Royal Marines Among First Candidates To Take Health And Safety Qualification
Former Royal Marines who followed the well-trodden path from the Armed Forces to occupational safety and health have begun to deliver a new qualification in the field – with existing Royal Marines among the first candidates.
Military personnel who are based at RM Condor, near Arbroath in Scotland, were joined by civilians to begin to study the NCFE IOSH Level 3 Certificate in Safety and Health for Business.
The qualification provides a business-centred approach to worker protection for organisations, and builds on existing IOSH (Institution of Occupational Safety and Health) courses, including Managing Safely.
The first unit was delivered from 21-24 May by IED Training at its facilities in Arbroath by former Royal Marine Alan Starr, with Ian Clark being the internal quality assurer.
IED Training was set up by Ian and Paul Barrett after they left the Armed Forces. The organisation already offered a suite of IOSH-approved training courses and successfully underwent IOSH’s rigorous due diligence process before receiving its license to deliver the new Level 3 course.
Ian, the Managing Director, said: “Since setting up IED Training three years ago, we have worked closely with IOSH to secure accreditation of a number of our courses, and we have developed a very good professional relationship with them.
“For some time now, we have been delivering the Managing Safely course to our clients, including a number of Royal Marines, and we know that they are very keen to move on to the next level to further their knowledge and understanding with the Level 3 Safety and Health for Business course.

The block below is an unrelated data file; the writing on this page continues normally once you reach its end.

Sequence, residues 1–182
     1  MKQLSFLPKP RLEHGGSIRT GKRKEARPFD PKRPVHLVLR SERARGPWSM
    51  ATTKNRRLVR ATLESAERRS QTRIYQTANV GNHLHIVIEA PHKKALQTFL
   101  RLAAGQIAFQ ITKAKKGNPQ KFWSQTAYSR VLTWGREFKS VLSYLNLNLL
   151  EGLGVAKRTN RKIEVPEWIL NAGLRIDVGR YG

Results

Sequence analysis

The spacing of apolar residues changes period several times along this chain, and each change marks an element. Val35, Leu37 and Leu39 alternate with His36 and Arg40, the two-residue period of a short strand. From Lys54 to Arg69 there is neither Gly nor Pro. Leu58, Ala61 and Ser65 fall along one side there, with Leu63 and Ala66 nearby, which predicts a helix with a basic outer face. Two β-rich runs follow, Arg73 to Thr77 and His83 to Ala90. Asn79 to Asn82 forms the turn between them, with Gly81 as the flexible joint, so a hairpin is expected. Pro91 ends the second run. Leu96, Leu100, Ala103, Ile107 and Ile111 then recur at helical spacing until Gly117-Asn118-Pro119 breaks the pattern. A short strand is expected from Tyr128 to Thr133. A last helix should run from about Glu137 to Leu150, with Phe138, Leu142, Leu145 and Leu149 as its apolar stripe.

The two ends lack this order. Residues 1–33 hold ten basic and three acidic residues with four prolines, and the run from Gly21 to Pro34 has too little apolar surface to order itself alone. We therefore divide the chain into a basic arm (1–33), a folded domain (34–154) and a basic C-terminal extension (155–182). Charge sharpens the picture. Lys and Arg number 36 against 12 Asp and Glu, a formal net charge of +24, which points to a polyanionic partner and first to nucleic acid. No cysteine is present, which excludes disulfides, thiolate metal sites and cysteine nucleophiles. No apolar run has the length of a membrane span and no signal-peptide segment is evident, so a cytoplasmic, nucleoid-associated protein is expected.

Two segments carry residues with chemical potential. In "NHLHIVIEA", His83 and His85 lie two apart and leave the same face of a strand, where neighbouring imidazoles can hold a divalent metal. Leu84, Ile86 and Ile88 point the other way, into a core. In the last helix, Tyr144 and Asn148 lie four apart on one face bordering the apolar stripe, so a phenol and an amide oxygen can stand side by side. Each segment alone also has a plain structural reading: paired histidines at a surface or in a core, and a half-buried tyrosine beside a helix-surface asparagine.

“By the very nature of the work that Royal Marines do in their everyday lives, they have been hugely health-and-safety compliant.
“By taking these courses, they have been able to put it all in perspective, which in turn will help them in their current military careers or when they transition to civilian life. We also have a number of other delegates taking part from a range of professions, including the food and drink industry and legal services.”
Ian and Paul are among a significant number of military personnel who have turned to a career in occupational safety and health, citing the fact the existing knowledge of the field they have acquired makes the transition a smooth one.
Safety and Health for Business was launched by IOSH in November 2017. It was developed in collaboration with awarding body NCFE. It has been designed in response to a positive trend in the world of work, in which businesses increasingly identify good safety and health as a driver for improved productivity, reputation and resilience.
Businesses which buy into the course will benefit from increased levels of competence around health and safety, strengthening the protection offered to employees in the area.
Richard Orton, IOSH’s Director of Business Services, said: “The new Level 3 Safety and Health for Business qualification provides a strong grounding explaining how safety and health excellence underpins business performance and productivity.
“Every day, members of the Armed Forces face many risks to their safety and health. Their alertness to this, combined with the leadership and teamwork skills they develop, means this area has become a natural second career choice for many former military personnel.
“In fact, the skills and perspectives gained through this qualification are transferrable to many roles within civilian life. Through its combination of technical skills and all-round knowledge of how safety and health benefits business, people who complete Safety and Health for Business are well-placed to help their employers deliver success.”
IOSH Training and Skills consulted with global organisations and leading practitioners to develop this qualification and its course materials. It is cost-effective, time-efficient, regulated and highly relevant for business.
Successful completion of the course enables delegates to apply for Associate Membership of IOSH and application for Technical Membership.
Image: Ian Clark at the Royal Marines base